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Clin Infect Dis. 2011 Jun 15;52(12):1431-6. doi: 10.1093/cid/cir234.

Follow-up of 686 patients with acute Q fever and detection of chronic infection.

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Epidemiology and Surveillance Unit, Center for Infectious Disease Control, National Institute for Public Health and the Environment, Bilthoven, The Netherlands.



Recent outbreaks in the Netherlands allowed for laboratory follow-up of a large series of patients with acute Q fever and for evaluation of test algorithms to detect chronic Q fever, a condition with considerable morbidity and mortality.


For 686 patients with acute Q fever, IgG antibodies to Coxiella burnetii were determined using an immunofluorescence assay at 3, 6, and 12 months of follow-up. Polymerase chain reaction (PCR) was performed after 12 months and on earlier serum samples with an IgG phase I antibody titer ≥ 1:1024.


In 43% of patients, the IgG phase II antibody titers remained high (≥ 1:1024) at 3, 6, and 12 months of follow-up. Three months after acute Q fever, 14% of the patients had an IgG phase I titer ≥ 1:1024, which became negative later in 81%. IgG phase I antibody titers were rarely higher than phase II titers. Eleven cases of chronic Q fever were identified on the basis of serological profile, PCR results, and clinical presentation. Six of these patients were known to have clinical risk factors at the time of acute Q fever. In a comparison of various serological algorithms, IgG phase I titer ≥ 1:1024 at 6 months had the most favorable sensitivity and positive predictive value for the detection of chronic Q fever.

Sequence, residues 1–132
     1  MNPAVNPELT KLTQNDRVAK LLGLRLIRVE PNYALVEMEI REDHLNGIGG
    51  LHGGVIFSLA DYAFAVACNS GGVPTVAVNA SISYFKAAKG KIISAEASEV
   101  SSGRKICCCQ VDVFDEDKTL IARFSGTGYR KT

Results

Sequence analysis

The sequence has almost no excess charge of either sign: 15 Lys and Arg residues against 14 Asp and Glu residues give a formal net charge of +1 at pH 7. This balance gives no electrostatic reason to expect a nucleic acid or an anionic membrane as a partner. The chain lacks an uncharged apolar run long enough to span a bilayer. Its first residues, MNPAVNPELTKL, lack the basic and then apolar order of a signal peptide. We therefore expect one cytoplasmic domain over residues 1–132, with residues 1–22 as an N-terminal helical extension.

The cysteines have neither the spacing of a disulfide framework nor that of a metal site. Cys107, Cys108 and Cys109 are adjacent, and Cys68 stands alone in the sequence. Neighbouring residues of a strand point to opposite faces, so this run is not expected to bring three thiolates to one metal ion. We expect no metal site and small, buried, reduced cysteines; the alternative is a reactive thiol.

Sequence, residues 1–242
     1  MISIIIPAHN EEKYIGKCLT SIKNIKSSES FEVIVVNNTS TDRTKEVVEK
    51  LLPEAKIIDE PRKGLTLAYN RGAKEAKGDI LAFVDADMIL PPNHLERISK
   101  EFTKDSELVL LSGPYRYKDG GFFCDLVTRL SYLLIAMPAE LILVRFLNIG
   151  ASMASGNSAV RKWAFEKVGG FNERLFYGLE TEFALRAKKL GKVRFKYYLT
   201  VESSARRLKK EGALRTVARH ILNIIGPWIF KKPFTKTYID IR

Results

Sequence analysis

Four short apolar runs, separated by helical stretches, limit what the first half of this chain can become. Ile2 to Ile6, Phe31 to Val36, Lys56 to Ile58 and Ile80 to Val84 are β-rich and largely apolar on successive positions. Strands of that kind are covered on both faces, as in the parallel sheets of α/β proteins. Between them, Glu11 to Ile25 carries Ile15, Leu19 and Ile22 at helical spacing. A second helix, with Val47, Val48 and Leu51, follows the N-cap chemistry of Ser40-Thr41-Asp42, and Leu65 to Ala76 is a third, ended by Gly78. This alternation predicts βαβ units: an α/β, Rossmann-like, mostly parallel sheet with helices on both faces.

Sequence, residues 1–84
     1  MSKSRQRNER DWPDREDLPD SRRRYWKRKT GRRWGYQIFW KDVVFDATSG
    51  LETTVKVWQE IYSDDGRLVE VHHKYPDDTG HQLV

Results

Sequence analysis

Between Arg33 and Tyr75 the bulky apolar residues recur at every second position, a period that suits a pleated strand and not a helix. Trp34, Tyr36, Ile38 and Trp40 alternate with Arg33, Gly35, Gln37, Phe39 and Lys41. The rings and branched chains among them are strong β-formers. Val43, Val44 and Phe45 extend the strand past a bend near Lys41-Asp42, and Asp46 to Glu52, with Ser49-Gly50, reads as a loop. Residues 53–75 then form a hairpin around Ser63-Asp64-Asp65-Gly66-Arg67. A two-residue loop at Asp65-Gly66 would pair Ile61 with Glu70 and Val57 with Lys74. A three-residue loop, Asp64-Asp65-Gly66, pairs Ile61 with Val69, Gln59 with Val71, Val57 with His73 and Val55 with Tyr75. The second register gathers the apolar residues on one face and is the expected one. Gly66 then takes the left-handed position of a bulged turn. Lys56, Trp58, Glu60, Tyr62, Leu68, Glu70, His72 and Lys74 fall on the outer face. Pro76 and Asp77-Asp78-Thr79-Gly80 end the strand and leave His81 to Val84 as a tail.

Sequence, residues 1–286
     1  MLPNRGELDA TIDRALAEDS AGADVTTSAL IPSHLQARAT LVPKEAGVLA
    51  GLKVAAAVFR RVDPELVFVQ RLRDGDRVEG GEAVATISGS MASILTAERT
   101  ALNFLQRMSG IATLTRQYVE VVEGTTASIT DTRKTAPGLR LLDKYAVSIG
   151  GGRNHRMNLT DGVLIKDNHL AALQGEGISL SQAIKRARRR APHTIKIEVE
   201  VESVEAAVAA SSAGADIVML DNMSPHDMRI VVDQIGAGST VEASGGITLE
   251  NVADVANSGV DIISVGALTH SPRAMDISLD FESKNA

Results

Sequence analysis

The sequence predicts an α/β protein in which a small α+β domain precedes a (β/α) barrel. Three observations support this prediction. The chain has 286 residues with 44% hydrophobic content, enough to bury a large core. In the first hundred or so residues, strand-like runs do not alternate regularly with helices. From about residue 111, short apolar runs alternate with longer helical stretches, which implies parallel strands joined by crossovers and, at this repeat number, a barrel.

The wide variation of serological and PCR results during the follow-up of acute Q fever implies that the diagnosis of chronic Q fever, necessitating long-term antibiotic treatment, must be based primarily on clinical grounds. Different serological follow-up strategies are needed for patients with and without known risk factors for chronic Q fever.

[Indexed for MEDLINE]

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